Playful 5-month-old meets Juno and Lincoln at Oregon Zoo's Steller Cove
Visitors might notice more splashing than usual at the Oregon Zoo's sea otter habitat this week. Uni Sushi, the rescued pup who arrived earlier this month, had her first meet-up with the zoo's other otters — Juno and Lincoln — and the three got along so swimmingly they can now be seen together much of the time.
"The introductions went very well," said Nicole Nicassio-Hiskey, the Oregon Zoo's senior marine life keeper. "They just hit it off right away and seem to enjoy one another's company."
Keepers say Juno's maternal instincts kicked in as soon as she met Uni — much as they did last year with Lincoln — and she hugged the young pup close and floated all around with her. Lincoln soon joined the pair, greeting them with a chorus of squeaks, and all three have been playing together since.
Visitors can tell the otters apart by their size and coloring. Uni is smaller than Juno and has rich brown fur over her entire body, whereas Juno's fur has begun to turn white around her face and neck. Lincoln is brown all over but is much larger than the new pup.
Found stranded on a beach near Santa Cruz in December, Uni was brought to the Monterey Bay Aquarium's rescue and care program as a tiny pup. Unable to be paired with a surrogate mom, she was eventually deemed non-releasable by the U.S. Fish and Wildlife Service.
The marine mammal care team named the pup "Uni Sushi" (uni is the Japanese word for sea urchin), in honor of the diet of sustainable seafood she and the rest of the sea otter family enjoy. Because of their high metabolism, sea otters eat about 25% of their weight in clams, crabs, shrimp, sea urchins, mussels, squid and fish each day.
Sea otters, once abundant along the Oregon coast, were hunted to extinction here in the early 1900s and have not established permanent residence in the state for more than a century. A few visiting otters have been sighted in recent years, notably in Depoe Bay in 2009. Though currently protected from hunting by the Marine Mammal Protection Act of 1972 and the Endangered Species Act of 1973, they continue to be threatened by oil spills, fishing nets and infectious diseases.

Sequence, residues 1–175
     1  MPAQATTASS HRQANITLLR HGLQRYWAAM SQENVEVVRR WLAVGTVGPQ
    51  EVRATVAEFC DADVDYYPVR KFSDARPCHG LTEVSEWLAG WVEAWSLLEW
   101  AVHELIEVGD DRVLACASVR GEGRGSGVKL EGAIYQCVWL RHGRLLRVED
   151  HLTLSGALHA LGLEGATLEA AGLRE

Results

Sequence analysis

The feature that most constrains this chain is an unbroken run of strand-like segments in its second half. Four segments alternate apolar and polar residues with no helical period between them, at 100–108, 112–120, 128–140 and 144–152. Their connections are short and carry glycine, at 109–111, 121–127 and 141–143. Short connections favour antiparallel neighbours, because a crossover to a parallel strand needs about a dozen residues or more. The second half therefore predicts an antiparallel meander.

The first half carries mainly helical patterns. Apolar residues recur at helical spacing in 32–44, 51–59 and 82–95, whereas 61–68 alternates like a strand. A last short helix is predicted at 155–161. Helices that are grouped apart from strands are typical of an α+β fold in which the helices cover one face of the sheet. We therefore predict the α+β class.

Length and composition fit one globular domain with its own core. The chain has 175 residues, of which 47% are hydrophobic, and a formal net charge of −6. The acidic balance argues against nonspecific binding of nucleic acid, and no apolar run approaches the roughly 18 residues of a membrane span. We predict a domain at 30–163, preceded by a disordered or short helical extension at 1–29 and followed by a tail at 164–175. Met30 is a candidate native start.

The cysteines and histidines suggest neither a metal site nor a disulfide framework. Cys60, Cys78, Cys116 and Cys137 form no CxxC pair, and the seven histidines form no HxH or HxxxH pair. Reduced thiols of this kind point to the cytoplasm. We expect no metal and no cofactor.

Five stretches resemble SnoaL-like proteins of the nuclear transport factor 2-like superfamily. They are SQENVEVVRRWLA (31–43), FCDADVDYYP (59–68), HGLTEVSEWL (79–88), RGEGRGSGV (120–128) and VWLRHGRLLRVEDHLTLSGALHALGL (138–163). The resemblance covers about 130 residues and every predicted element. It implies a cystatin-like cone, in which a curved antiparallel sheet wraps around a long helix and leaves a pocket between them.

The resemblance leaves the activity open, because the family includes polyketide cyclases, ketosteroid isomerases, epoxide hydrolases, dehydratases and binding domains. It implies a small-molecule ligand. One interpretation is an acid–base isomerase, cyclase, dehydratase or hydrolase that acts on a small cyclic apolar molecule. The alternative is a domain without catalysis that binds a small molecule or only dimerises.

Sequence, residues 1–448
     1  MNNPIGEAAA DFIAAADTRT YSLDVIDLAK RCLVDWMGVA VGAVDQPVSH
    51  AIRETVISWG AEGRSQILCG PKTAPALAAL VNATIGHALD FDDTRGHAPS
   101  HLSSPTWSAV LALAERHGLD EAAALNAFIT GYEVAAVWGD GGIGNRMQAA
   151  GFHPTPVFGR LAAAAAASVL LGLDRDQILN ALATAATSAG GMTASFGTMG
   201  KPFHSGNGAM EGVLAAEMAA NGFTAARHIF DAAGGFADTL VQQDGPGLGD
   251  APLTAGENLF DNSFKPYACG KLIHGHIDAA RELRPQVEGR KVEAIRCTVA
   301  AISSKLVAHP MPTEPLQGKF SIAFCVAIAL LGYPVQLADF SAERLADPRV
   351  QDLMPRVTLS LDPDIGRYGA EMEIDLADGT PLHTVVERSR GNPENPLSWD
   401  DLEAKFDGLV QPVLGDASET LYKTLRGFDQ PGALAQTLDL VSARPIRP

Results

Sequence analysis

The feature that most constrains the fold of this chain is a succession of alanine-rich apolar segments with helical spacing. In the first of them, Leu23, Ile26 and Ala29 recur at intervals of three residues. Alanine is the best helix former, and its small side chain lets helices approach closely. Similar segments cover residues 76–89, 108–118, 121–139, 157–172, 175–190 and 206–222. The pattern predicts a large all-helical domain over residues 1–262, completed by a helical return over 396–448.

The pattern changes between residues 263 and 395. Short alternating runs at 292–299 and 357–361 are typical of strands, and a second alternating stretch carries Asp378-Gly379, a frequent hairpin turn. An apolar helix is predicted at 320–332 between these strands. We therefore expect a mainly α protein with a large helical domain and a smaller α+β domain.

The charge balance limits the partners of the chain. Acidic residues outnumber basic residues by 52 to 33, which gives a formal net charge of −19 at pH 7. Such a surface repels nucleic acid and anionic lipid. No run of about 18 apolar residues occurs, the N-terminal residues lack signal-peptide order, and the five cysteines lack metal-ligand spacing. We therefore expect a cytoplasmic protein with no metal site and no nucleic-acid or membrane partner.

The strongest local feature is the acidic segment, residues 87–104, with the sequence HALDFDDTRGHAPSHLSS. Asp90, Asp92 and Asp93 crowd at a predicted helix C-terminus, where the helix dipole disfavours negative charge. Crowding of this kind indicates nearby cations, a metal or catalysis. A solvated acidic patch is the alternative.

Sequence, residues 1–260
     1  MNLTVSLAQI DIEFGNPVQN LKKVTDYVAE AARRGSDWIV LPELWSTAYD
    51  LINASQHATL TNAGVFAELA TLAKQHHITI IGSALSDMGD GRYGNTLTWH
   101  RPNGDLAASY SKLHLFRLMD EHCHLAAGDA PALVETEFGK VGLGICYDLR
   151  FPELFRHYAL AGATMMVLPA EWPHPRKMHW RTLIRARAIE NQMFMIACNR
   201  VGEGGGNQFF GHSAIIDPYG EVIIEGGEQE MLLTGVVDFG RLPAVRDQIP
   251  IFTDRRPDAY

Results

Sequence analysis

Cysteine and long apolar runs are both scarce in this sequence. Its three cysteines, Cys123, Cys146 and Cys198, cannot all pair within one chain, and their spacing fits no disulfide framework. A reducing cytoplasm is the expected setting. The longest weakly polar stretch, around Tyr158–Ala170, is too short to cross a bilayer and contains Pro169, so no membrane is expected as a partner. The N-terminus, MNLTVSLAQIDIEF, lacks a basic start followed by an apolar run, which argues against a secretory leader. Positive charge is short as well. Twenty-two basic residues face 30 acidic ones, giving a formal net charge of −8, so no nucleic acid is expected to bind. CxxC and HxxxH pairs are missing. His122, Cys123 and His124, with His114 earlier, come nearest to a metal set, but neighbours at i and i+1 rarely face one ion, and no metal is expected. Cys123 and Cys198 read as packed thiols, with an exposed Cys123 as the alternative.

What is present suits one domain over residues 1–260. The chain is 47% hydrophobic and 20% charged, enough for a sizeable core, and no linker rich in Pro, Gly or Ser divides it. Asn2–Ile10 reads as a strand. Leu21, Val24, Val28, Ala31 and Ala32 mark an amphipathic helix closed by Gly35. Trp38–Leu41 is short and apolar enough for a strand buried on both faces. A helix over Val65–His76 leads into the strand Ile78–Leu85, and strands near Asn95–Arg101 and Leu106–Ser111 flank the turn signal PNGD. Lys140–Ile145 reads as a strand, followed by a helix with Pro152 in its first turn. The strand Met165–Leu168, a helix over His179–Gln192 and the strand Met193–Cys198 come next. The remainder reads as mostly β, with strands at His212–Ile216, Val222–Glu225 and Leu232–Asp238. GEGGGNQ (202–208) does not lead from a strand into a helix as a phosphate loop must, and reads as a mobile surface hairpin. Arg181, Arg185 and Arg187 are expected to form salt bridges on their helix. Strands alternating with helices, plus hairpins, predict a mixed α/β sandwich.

Sea otters are considered a keystone species and play critical role in the Pacific Coast marine ecosystem, promoting healthy kelp forests, which in turn support thousands of organisms. To learn more about the Oregon Zoo's sea otters and how to help protect the species in the wild, visit oregonzoo.org/discover/animals/southern-sea-otter.
The Oregon Zoo is a service of Metro and is dedicated to its mission of inspiring the community to create a better future for wildlife. Committed to conservation, the zoo is currently working to save endangered California condors, Columbia Basin pygmy rabbits, Oregon silverspot and Taylor’s checkerspot butterflies, Western pond turtles and Oregon spotted frogs. Other projects include studies on black rhinos, Asian elephants, polar bears and bats.
The zoo relies in part on community support through donations to the Oregon Zoo Foundation to undertake these and many other animal welfare, education and sustainability programs. The zoo is located five minutes from downtown Portland, just off Highway 26 at exit 72. The zoo is also accessible by MAX light rail line. Visitors who travel to the zoo via MAX receive $1.50 off zoo admission. Find fare and route information online or by calling TriMet Customer Service at 503-238-RIDE (7433).
General zoo admission is $10.50 (ages 12-64), $9 for seniors (65 and up), $7.50 for children (ages 3-11) and free for those 2 and younger; 25 cents of the admission price helps fund regional conservation projects through the zoo’s Future for Wildlife program. A parking fee of $4 per car is also required. Additional information is available by calling 503-226-1561.